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Ivory Coast tries former first lady

December 26, 2014

A court in Abidjan has begun proceedings against Simone Gbagbo, wife of former President Laurent Gbagbo. They have been accused of compromising state security in 2010, leading to riots that killed thousands.

Simone Gbagbo
Image: picture alliance/AP Photo/Blackwell

Simone Gbagbo was presented in court with 82 other civilians and soldiers in the most important trial since Gbagbo's husband, Laurent Gbagbo, was driven from presidency in 2011.

The 77 men and six women, including the former first lady, were charged with "undermining national defense, setting up armed groups, taking part in an insurrection movement, disturbing the public order" and inciting "xenophobia" in 2010, when fighting broke out after former President Gbagbo refused to give up his post despite losing in the elections.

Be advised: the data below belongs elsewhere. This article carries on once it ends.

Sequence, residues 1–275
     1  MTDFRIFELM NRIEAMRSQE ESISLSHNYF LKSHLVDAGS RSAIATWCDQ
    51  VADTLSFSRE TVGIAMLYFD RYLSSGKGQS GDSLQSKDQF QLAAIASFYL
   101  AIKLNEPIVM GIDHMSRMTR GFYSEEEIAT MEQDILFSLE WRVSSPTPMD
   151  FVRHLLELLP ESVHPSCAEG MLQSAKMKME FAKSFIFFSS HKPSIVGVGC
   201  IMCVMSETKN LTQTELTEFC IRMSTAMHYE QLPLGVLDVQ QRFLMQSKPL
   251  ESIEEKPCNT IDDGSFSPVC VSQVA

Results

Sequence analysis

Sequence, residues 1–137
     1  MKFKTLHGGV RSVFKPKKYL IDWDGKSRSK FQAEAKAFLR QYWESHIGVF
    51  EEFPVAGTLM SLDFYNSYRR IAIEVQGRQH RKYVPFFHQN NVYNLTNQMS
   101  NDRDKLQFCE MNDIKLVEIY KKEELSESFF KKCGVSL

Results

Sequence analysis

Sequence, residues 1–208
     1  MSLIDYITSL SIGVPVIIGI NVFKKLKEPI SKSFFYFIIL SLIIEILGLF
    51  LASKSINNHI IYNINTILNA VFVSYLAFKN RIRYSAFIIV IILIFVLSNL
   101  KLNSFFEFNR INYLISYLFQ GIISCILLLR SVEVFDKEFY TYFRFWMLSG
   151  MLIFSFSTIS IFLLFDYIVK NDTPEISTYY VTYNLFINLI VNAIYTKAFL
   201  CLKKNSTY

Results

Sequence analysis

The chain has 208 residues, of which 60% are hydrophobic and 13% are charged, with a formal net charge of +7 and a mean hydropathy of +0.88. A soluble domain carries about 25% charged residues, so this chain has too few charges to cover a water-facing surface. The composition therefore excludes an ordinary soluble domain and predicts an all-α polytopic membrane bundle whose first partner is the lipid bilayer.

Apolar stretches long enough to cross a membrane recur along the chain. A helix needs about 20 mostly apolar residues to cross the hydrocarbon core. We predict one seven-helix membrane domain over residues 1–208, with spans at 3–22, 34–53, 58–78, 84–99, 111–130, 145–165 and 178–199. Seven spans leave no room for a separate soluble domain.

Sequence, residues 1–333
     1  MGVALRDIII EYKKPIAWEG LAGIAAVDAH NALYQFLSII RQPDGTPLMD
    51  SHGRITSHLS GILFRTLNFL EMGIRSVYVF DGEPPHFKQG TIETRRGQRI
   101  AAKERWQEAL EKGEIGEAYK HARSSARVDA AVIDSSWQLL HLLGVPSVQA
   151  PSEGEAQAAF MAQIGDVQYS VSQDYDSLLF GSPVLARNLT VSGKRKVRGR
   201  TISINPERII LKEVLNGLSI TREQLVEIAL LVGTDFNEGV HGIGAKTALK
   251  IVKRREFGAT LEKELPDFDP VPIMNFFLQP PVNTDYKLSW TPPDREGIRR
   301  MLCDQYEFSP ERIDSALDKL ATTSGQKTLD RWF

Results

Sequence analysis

The case, which was being heard by nine judges and was expected to last for a month, would be "fair and transparent," news agency AFP quoted state prosecutor Simeon Yabo Odi as saying.

If found guilty, Gbagbo, who has been under house arrest for the last three years, could face up to 20 years imprisonment.

'Fair and transparent trial'

Violence broke out in the Ivory Coast in 2010 when Laurent Gbagbo refused to step down form the president's post despite his rival Alassane Ouattara winning the elections. Simone Gbagbo, who earned the moniker "Iron lady" during her husband's regime, is accused of being an accomplice in inciting the violence that followed, leaving 3,000 people dead.

Laurent Gbagbo mit seiner Frau Simone
Better times: Gbagbo and his wifeImage: picture-alliance/dpa/N. Bothma

Simone Gbagbo's trial was a test for the country, which is trying to obtain five million euros in aid from the European Union to rehabilitate the Ivorian justice system, Reuters news agency quoted a defense lawyer as saying.

"It will enable Ivory Coast to show it is capable of organizing a jury trial," Pierre Adjoumani, head of the Ivorian human rights league, told Reuters.

Abidjan had earlier used this argument to prevent the International Criminal Court (ICC) in The Hague from taking up the case. Gbagbo's husband Laurent Gbagbo and his associate Charles Ble Goude were being tried in the ICC for crimes against humanity among several other charges.

mg/sb (AFP, Reuters)